Tuesday, July 01, 2008

Cloud Theory

The Google Way of Science - Kevin Kelly @ The Technium

This is a wildly interesting article on the rise of petabyte levels of data can lead to a way of making predicable observations without an overarching theory or model. Kelly argues that such methods already exist and are employed by search engines like Google or the mass of data coming from radio telescope observations. What Kelly argues is that with a large enough data set one can develop a method of determining the probable outcome of an event as gathered from certain consistencies within the mass data. Pivoting off another article by Chris Anderson at Wired, Kelly points to the use of correlative data as the means by which Google is able to create highly competent translations of works written in different languages without the need for human translators or a model of translation. Simply gather enough data points and you can write an algorithm that produces such roughly accurate translations.
What both Kelly and Anderson argue is with enough data, an a priori hypothesis or a postiori theory is not necessary to make accurate predictions. And as both point out, such an argument radically changes the way we can learn in nearly any field. Where Kelly and Anderson diverge is over whether this argument means the end of theory or simply a change in how theories and models are created.
One point against this argument is W.V.O. Quine's indeterminacy of translation argument. In essence, Quine argues that the range of meaning in an unknown language is large enough that errors in translation are a given. Within a set of data points there might exist certain points of data that when added to the set break the existing model of explanation. We've already seen such a break occur between Newtonian physics and Einsteinian physics. Newton's theory of motion, while still useful in the everyday sense, cannot explain the new data points added since the development of his theory. Einstein was able to offer a new model that did explain both the old data set as well as the new data points.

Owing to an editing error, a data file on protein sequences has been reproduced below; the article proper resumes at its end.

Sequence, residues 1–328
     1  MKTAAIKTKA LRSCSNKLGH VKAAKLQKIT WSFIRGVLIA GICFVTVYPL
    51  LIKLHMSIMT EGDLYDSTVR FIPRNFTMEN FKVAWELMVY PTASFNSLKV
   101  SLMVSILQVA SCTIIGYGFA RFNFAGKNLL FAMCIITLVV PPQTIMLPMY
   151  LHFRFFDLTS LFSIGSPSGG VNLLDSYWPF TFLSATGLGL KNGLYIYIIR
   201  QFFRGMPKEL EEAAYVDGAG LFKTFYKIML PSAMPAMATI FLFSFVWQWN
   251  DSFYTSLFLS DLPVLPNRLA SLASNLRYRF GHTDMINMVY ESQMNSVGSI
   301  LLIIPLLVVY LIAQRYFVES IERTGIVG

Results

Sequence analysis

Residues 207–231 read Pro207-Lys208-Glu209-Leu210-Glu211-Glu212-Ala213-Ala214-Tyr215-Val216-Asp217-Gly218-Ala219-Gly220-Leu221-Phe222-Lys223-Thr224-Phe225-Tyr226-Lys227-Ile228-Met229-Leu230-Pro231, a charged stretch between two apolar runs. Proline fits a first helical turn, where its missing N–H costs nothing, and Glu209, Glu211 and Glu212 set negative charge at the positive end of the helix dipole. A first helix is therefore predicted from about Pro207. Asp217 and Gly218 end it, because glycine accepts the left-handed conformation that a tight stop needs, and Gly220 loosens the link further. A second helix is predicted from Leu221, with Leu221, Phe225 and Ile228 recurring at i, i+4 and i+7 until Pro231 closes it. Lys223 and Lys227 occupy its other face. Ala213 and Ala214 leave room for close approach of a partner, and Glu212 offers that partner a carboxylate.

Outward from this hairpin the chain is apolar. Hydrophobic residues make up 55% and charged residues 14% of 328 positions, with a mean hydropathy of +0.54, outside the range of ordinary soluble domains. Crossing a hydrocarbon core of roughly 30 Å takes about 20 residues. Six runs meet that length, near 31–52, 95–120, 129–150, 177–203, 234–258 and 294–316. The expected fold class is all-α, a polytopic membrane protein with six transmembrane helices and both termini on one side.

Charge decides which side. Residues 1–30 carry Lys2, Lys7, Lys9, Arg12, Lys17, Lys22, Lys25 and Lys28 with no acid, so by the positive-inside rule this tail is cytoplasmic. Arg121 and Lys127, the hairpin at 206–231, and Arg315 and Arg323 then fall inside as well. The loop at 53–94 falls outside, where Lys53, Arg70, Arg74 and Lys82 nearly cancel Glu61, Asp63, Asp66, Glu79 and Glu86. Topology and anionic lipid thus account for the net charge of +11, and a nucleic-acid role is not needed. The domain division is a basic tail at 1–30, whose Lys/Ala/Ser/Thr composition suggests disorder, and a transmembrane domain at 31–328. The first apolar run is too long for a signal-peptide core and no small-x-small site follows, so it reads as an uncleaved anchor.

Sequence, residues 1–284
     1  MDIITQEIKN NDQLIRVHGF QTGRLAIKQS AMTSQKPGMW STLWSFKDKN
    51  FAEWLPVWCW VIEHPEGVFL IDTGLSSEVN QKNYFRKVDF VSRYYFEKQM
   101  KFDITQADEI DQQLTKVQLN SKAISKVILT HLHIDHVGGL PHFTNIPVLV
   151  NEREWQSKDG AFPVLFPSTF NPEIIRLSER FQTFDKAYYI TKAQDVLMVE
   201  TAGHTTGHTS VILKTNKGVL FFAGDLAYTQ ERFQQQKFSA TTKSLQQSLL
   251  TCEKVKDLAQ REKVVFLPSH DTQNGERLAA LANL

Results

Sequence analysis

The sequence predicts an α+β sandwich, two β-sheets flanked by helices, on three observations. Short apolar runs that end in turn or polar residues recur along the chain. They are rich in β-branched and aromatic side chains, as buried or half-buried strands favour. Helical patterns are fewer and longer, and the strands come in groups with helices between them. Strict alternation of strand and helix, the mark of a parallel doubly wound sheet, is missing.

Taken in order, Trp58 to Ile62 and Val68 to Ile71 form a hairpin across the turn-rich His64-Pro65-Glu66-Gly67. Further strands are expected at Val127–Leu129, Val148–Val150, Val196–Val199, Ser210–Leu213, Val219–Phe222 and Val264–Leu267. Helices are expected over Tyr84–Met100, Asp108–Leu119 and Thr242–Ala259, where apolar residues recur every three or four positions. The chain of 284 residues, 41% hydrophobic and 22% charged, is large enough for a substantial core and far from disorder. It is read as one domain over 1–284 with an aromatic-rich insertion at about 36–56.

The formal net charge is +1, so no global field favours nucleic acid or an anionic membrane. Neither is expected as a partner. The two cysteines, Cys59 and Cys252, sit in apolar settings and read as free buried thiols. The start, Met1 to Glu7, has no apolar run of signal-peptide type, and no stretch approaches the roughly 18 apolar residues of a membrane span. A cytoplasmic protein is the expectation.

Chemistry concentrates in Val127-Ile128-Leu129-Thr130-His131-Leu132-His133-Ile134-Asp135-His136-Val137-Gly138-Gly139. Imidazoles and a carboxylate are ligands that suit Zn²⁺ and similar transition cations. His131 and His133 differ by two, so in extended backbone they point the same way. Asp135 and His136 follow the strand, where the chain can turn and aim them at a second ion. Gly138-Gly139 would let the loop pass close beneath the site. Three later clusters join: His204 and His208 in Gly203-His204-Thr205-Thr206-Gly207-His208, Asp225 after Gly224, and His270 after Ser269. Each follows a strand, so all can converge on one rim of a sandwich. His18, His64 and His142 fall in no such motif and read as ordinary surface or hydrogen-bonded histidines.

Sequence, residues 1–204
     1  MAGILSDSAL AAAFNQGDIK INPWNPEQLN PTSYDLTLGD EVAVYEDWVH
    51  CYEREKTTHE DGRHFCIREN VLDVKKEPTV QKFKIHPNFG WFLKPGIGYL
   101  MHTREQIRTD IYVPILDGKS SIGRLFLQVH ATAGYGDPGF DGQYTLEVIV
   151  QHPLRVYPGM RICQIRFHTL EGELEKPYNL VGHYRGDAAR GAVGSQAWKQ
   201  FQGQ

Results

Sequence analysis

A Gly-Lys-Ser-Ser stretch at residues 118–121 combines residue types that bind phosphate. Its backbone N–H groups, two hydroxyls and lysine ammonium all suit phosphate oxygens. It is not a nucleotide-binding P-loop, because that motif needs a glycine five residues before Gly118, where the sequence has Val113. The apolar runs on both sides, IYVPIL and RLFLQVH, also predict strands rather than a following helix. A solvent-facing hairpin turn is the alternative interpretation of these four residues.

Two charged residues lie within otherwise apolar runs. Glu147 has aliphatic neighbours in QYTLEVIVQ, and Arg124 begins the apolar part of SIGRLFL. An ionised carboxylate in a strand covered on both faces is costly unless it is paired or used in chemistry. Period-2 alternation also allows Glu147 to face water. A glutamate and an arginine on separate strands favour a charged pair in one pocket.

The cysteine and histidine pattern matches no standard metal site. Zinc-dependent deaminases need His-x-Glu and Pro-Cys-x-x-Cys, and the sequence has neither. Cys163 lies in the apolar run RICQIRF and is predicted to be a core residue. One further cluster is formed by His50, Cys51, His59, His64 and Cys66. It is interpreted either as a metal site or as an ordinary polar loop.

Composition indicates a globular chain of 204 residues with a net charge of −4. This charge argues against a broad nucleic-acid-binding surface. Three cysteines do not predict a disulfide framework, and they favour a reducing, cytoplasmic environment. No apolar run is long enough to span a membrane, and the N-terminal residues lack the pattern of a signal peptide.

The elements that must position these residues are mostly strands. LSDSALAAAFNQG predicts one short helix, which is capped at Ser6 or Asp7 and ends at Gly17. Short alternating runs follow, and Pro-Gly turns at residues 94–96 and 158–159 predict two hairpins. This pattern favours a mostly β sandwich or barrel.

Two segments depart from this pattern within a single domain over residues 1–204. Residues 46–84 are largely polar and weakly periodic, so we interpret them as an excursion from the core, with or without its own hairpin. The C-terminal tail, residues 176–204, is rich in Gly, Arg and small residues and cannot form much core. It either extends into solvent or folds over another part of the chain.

Quine's indeterminacy theory, much like Heidegger's argument against the 'clearing of all clearings' means that no matter how good a model we construct new data points that the model cannot explain are always possible.
I have to say I have mixed feelings on the idea of predictable observations without an explanatory model. Certainly no model is perfect and one should always place primacy on evidence over theory. Yet, I agree with Kelly that Anderson goes too far with his thesis that cloud data is enough to end the need for theory. Kelly believes that we simply are reaching the limits of human logic and conception. I believe that we are finally reaching the end of our mental childhood. It's only been a little over eighty-years since Heisenberg introduced the uncertainty principle into quantum mechanics. Add to this the wave/particle duality of light, quantum superpositions, and the infinitely brief existence of virtual particles and you have a collection of ideas, thought experiments and theories that are highly difficult to understand but are understandable. So Kelly's assertion that we've arrivied at the end of human conception means, I believe, that we simply have to stretch human conception further.